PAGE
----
There’s a law of large numbers, a law of small numbers, and a **law of medium numbers** in between.

The law of **large **numbers is a mathematical theorem. It describes what happens as you average more and more random variables.

The law of **small **numbers is a semi-serious statement about about how people underestimate the variability of the average of a small number of random variables.

The law of **medium** numbers is a term coined by Gerald Weinberg in his book An Introduction to General Systems Thinking. He states the law as follows.

For medium number systems, we can expect that large fluctuations, irregularities, and discrepancy with any theory will occur more or less regularly.

The law of medium numbers applies to systems too large to study exactly and too small to study statistically. For example, it may be easier to understand the behavior of an individual or a nation than the dynamics of a small community. Atoms are simple, and so are stars, but medium-sized things like birds are complicated. Medium-sized systems are where you see chaos.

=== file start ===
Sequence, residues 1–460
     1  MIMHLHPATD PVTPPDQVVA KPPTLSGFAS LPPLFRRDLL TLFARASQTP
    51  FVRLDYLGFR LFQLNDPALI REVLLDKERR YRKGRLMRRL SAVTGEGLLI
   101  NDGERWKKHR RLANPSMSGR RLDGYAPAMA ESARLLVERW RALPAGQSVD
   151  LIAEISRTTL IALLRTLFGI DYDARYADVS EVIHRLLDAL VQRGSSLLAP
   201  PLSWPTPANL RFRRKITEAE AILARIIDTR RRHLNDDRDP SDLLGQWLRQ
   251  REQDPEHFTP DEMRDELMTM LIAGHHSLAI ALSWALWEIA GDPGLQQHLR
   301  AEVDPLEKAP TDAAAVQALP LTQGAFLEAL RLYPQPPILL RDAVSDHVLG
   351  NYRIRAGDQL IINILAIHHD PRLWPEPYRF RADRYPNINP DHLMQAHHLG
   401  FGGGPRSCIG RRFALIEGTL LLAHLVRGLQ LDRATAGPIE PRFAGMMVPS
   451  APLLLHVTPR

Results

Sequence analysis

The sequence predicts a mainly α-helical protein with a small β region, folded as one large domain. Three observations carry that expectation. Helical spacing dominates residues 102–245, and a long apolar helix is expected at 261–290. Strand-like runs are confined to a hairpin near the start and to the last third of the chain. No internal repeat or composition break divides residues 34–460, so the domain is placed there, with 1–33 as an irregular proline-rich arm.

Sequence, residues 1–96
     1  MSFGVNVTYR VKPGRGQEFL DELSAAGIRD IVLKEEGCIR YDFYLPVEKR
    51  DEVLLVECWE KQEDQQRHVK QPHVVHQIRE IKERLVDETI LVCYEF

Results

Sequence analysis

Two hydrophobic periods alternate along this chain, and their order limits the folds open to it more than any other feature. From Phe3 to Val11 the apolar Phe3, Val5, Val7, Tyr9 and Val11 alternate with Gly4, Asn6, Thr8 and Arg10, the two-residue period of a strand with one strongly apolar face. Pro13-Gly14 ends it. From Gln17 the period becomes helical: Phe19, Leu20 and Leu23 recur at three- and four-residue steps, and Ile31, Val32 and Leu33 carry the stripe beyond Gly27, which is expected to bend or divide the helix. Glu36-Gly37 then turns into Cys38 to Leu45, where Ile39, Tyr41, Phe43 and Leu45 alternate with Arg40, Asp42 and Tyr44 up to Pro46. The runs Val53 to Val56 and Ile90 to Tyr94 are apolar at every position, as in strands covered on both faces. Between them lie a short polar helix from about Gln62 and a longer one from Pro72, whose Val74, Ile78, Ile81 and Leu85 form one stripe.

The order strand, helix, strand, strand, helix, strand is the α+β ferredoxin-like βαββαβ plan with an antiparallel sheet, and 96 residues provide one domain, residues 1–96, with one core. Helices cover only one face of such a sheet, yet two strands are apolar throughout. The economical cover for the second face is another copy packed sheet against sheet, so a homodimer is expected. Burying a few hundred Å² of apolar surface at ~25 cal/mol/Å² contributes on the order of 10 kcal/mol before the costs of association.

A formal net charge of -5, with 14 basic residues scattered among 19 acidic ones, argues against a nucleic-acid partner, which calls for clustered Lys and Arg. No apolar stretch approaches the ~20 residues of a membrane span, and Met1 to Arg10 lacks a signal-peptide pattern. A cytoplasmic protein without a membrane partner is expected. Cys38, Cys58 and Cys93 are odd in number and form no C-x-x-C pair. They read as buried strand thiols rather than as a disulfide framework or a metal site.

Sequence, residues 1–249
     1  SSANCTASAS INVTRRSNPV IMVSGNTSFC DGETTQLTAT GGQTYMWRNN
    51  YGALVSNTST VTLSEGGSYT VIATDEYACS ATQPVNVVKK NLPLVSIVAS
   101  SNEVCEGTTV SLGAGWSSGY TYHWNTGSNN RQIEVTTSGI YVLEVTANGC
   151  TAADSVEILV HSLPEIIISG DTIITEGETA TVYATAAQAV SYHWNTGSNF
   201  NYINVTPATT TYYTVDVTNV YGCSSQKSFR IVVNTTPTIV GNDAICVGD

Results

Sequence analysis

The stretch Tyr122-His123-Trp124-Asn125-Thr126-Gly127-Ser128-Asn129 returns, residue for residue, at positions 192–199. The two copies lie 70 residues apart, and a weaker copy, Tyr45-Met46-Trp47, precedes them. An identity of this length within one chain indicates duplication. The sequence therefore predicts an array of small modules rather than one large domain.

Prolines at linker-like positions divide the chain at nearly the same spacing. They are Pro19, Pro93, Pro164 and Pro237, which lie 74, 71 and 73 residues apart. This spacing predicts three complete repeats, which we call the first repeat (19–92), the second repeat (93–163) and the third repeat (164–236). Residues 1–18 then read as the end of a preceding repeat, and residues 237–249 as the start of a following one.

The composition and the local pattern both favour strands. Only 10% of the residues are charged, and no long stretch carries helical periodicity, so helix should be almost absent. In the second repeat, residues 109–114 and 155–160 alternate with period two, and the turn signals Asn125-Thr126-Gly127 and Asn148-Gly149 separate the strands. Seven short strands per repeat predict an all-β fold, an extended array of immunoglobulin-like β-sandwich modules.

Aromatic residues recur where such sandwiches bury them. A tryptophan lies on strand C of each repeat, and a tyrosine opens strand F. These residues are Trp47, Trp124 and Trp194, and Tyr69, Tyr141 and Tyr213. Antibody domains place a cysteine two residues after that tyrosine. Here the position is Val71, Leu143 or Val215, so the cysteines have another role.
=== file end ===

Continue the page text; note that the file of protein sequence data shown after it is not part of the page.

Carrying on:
Weinberg warns that medium-sized systems challenge science because scientific disciplines define their boundaries by the set of problems they can handle. He says, for example, that

Mechanics, then, is the study of those systems for which the approximations of mechanics work successfully.

He warns that we should not be mislead by a discipline’s “success with systems of its own choosing.”

Weinberg’s book was written in 1975. Since that time there has been much more interest in the emergent properties of medium-sized systems that are not explained by more basic sciences. We may not understand these systems well, but we may appreciate the limits of our understanding better than we did a few decades ago.

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